> Do you plan to transform the formulas into mathml, or images?

The formulas I added are extremely simple, and I think regular HTML is appropriate.

(In reply to comment #18)
> More comments, you write
> 
> ""
> The accumulated 3D transformation matrix is a 4×4 matrix, while the objects to
> be transformed are two-dimensional boxes. To transform each corner (a, b) of a
> box, the matrix must first be applied to (a, b, 0, 1), which will result in a
> four-dimensional point (x, y, z, w). This is transformed back to a
> three-dimensional point (x′, y′, z′) as follows:
> ""
> 
> I am not sure what you mean here. In HTML an element can have "rounded
> corners". A path in SVG is 2D, but definitely not a box. Can you clarify this
> more please? Maybe it is enough to just speak about two-dimensional points of
> two-dimensional shapes. And say that every point needs to get extended to a 4
> entry vector and transformed afterwards. And I would add the matrix from your
> first comment here. If you want, I can help you to create PNG's. In general you
> can create MathML directly and embed it. See discussions on public-fx.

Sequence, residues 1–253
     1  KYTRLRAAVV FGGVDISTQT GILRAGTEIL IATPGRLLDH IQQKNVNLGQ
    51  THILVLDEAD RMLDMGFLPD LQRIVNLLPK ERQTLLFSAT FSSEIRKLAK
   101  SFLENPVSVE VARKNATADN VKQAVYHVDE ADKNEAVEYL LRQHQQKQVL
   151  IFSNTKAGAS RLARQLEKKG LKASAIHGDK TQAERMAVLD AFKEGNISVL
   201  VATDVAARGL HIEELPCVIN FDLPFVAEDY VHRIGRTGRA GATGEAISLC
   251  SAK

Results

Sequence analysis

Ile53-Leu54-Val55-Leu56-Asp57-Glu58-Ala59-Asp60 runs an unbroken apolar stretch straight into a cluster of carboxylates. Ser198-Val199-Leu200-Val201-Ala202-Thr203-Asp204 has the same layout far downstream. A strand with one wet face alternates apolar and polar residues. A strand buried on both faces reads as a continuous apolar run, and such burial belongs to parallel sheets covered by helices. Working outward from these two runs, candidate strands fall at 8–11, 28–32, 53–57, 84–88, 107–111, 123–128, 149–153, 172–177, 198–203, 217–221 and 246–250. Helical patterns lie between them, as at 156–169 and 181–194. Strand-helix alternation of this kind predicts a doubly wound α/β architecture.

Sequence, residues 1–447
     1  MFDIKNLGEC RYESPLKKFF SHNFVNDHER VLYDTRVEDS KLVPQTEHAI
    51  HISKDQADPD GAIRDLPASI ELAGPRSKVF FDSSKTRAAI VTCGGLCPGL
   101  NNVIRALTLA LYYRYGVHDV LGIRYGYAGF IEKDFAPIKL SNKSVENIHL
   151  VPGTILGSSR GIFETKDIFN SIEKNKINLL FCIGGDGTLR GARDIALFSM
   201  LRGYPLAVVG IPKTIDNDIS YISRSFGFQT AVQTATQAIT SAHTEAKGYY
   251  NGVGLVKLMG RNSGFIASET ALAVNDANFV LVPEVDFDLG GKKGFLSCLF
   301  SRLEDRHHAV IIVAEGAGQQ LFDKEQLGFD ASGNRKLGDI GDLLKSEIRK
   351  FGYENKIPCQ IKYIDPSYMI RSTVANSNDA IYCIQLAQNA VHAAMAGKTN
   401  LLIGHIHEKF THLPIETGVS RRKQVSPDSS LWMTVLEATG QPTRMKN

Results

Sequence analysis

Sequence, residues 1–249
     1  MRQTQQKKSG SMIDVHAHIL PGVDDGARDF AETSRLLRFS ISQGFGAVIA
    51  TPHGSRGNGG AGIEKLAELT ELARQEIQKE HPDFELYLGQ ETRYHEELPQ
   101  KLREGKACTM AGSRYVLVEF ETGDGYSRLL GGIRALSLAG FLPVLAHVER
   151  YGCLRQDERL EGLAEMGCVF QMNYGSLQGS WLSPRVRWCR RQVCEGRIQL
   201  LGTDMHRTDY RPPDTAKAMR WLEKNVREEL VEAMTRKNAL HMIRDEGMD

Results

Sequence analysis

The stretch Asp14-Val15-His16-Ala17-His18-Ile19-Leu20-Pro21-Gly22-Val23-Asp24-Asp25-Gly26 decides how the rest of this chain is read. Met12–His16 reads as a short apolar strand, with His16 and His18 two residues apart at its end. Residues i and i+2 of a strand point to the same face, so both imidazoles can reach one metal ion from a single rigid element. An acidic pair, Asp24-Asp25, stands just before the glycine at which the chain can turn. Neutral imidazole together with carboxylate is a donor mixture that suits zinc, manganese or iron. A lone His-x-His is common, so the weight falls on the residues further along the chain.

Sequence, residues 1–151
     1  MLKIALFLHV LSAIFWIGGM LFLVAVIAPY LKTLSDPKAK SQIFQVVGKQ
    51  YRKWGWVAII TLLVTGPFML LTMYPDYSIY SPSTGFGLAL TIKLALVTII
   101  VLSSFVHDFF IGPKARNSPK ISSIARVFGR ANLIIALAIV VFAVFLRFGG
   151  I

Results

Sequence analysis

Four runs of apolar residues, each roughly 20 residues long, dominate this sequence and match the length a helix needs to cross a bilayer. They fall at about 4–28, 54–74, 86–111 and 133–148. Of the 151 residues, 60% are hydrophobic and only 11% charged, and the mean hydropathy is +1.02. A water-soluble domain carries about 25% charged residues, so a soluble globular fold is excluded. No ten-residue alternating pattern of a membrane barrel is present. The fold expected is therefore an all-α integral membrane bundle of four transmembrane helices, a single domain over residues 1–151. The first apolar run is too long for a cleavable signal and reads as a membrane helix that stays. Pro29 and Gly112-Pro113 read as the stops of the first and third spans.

In HTML, elements' border boxes are what are transformed.  You're right that the spec is vague about what to do with anything other than simple boxes; and you're also right that it doesn't apply to SVG at all.  So this is an issue, and I'm not sure how to deal with it.

The problem is that if you include perspective, some curves will be mapped to infinity.  E.g., see the final example in comment 9 -- as you get close to the right edge of the box there, the points get mapped arbitrarily far to the right.  The transform of the box is therefore infinitely wide, in theory.  But we can't support this, because the element needs to have finite width.  I tried to fudge it by saying the edges should just be mapped really far away, but this doesn't work in cases other than simple boxes, you're right.

So I agree this is a problem and I'm not sure how to fix it.  IIRC, existing browsers other than IE seem to just get it entirely wrong -- like not rendering the box at all, or flipping it.

One way we could solve this is just by saying that any box/shape/etc. that has any point that's mapped at or behind the viewer (w <= 0) is not rendered at all.  This is how WebKit behaves right now, I think, and how Gecko behaves in some cases.  Maybe that makes more sense -- at least for now.  So that would mean that all three of my examples just wouldn't render anything.  It would sure be simpler to spec and understand than what I wrote.

That still leaves open the question of what exactly counts as "has any point with w <= 0".  What if the box has a box-shadow outside the border that has w = 0 at one point, but the border box itself doesn't?

This is where someone with 3D graphics experience would probably know better than me.  I know how the math works in theory, but don't know what the best way is to translate it to real life.  :(